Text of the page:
By Len Bose
March 28, 2013 | 3:28 p.m
Back in March 2011, I wrote a story titled "Longing for simple life of small clubhouse." Well, I found it, and it was right in front of me all this time. In fact, the Balboa Angling Club has been around for the last 87 years.
Looking through its history, all the original Newport Harbor names are there: Summers, Beek, Atkinson, Sawyer and Crocker, just to name a few, are all in the club's history books. The 1939 objectives for the club still stand strong today: "To aid in all plans for conservation of the fishing resources of California" and "To promote salt water fishing as a sport; to encourage and improve angling in local waters; and to promote sport fishermen in general."
When I walked into the clubhouse, located in the Fun Zone next to Hill's fuel dock, I thought, "This is it — it's the perfect small clubhouse." Self-serve bar, BBQ, dock, view of the harbor, crane, heads, shower, everything. A long history of members, awards, recognition for outstanding achievements within our harbor are lined up around the walls. The best part of this whole deal is that it is free and open to the public.
Please keep in mind that if you find yourself hanging out at the club and wanting to take part in all the events, it's going to cost you a whole $16 a month for the family to be an official member. If you want to find an activity for your kid to get out of the house, a Jr. Membership for ages 21 and younger is a whole $1.60 a month. Membership is at 300 members and is open at this time. Back in the 1950s, membership reached as high as 700, but the club today runs best at 350 members before it feels the impact. The saying around the club is "Once you join the Balboa Angling Club, you will be hooked for life."
Today, as you read this, the club is working with Hubbs-SeaWorld Research Institute in the White Seabass Enhancement Plan. Our harbor fishermen all know this, but I was surprised to find out that 2,500 juvenile white sea bass a year are trucked up and placed in the bass fish pens in our mooring fields. They are being placed in a type of ice bin that you place a beer keg in and transported out to the fish pens one scoop at a time. After the juveniles are placed in these fish pens, volunteers from the Balboa Angling Club go out every day to take water temperatures, look for problems and report back to the Hubbs group. This is no simple task, and the variables seem as difficult as putting a boat deal together or making fine wine.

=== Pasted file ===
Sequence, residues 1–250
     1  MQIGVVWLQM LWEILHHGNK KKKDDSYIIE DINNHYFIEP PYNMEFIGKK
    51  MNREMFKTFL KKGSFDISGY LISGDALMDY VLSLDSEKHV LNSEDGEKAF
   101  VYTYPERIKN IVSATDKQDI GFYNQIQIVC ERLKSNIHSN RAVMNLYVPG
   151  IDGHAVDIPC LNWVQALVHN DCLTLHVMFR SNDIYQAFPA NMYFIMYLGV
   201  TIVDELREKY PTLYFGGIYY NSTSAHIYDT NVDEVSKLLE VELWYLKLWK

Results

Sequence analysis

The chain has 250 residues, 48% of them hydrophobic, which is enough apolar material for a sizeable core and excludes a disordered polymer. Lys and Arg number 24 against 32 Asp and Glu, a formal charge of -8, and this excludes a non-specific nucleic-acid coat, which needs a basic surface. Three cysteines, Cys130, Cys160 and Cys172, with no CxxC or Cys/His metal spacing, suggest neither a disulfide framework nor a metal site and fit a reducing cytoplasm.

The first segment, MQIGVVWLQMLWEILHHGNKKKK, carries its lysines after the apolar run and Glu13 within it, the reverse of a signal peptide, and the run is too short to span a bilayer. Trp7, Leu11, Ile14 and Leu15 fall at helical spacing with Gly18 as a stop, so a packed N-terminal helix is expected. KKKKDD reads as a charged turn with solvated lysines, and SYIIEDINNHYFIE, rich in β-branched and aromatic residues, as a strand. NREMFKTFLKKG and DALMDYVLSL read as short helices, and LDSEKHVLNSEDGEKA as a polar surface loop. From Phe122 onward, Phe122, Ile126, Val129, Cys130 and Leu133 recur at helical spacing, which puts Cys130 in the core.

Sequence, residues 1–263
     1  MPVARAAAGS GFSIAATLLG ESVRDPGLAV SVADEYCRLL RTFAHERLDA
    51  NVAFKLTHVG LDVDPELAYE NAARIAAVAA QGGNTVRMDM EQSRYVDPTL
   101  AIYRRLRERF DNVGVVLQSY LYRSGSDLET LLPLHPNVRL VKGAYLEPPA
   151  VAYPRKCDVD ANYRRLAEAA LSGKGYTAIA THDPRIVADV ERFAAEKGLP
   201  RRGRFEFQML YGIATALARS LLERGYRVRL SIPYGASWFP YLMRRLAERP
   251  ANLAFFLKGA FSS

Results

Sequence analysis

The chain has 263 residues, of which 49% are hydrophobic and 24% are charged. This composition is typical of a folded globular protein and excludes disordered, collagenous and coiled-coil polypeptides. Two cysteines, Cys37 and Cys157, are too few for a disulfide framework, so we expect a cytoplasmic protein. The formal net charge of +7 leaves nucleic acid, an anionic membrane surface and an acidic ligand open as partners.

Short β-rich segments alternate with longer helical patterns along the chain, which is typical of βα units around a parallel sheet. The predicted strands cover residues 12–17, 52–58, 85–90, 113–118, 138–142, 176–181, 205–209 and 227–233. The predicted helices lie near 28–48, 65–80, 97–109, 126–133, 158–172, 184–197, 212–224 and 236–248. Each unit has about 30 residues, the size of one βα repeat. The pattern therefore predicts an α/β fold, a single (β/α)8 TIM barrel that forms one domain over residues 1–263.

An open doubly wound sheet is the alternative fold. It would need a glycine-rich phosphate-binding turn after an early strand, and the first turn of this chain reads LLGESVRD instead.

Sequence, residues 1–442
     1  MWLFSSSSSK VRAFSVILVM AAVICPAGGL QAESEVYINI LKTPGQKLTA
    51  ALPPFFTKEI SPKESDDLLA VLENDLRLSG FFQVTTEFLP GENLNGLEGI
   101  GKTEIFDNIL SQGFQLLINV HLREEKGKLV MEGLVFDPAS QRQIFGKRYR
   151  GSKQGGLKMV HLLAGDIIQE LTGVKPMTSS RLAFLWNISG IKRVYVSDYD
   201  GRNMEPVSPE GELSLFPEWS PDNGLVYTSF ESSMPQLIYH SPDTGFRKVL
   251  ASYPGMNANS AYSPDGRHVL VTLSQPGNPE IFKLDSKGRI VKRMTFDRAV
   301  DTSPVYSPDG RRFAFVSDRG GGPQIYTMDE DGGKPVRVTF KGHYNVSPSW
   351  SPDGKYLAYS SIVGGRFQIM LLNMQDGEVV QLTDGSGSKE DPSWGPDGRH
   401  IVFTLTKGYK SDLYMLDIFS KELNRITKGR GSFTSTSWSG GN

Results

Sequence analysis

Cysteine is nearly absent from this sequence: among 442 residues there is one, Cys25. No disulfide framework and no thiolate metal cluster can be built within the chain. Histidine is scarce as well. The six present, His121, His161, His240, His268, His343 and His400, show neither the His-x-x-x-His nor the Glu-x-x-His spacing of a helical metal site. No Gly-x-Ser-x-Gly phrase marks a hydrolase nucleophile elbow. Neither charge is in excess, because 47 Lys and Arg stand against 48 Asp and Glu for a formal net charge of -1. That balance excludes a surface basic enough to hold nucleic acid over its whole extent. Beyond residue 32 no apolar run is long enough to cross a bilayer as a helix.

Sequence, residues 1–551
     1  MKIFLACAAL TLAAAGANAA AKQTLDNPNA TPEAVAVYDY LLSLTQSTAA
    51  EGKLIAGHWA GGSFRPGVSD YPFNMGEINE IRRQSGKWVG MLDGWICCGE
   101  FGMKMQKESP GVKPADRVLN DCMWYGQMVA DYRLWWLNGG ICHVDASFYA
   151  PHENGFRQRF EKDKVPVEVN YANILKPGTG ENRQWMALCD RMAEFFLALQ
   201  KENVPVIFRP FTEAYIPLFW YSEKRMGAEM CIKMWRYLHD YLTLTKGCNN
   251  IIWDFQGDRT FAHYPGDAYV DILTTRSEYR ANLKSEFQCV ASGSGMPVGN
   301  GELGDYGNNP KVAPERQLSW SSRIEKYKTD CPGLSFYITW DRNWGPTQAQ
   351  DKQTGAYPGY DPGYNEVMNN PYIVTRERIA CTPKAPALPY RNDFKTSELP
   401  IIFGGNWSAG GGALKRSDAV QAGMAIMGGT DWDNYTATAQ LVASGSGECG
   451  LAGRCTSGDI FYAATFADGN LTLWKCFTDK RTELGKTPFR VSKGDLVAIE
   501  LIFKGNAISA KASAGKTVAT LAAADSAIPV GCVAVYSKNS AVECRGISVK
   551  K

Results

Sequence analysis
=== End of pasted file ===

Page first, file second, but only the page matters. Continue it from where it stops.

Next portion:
What I found interesting is that the Hubbs institute tags each fish with a type of computer chip, located near the fish's head, that contains the spawning date and location of each fish. This information provides information about growth rates, migration, life span, who likes to eat white sea bass, and their mating pattern. Hubbs officials encourage anglers to turn in their white sea bass heads. This data collected from the tags in the fish heads will track the success of the program's restocking efforts. Should you wish to take part and help in their efforts, the fish heads can be deposited at the Balboa Angling Club, Anglers Center and at the Hubbs-SeaWorld institute in Carlsbad. For some reason, I am having a flashback to the Dr. Demento radio show and the "Fish Heads" song while I write this. Dr. D Fish heads (push to 2:20 mark)
The next big event at the Balboa Angling Club is the 50th Annual Lily Call bay tournament April 27 and 28. Rob Meinhardt, who is a 20-year member of the club, said, "This is my favorite tournament of the year. My daughter and I have a great time competing in this event each year." Rob went on to tell me that this is an in-harbor tournament that attracts as many as 100 anglers.
I have never seen a facility that provides an introduction and access to our harbor like the Balboa Angling Club. In fact, the first trophy I ever won was in a 1968 Jr. Tournament for the largest bonito in the five- to 10-year-old category from the Balboa Angling Club. I keep it with pride on the top shelf of my trophy case.
LEN BOSE is an experienced boater, yacht broker and boating columnist.